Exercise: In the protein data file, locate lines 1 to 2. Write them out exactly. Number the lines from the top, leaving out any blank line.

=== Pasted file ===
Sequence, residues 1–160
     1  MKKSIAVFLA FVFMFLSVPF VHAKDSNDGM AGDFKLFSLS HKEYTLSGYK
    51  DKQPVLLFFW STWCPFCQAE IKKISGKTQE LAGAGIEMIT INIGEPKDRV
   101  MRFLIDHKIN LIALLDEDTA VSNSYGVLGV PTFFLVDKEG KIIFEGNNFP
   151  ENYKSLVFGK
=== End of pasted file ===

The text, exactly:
Sequence, residues 1–160
     1  MKKSIAVFLA FVFMFLSVPF VHAKDSNDGM AGDFKLFSLS HKEYTLSGYK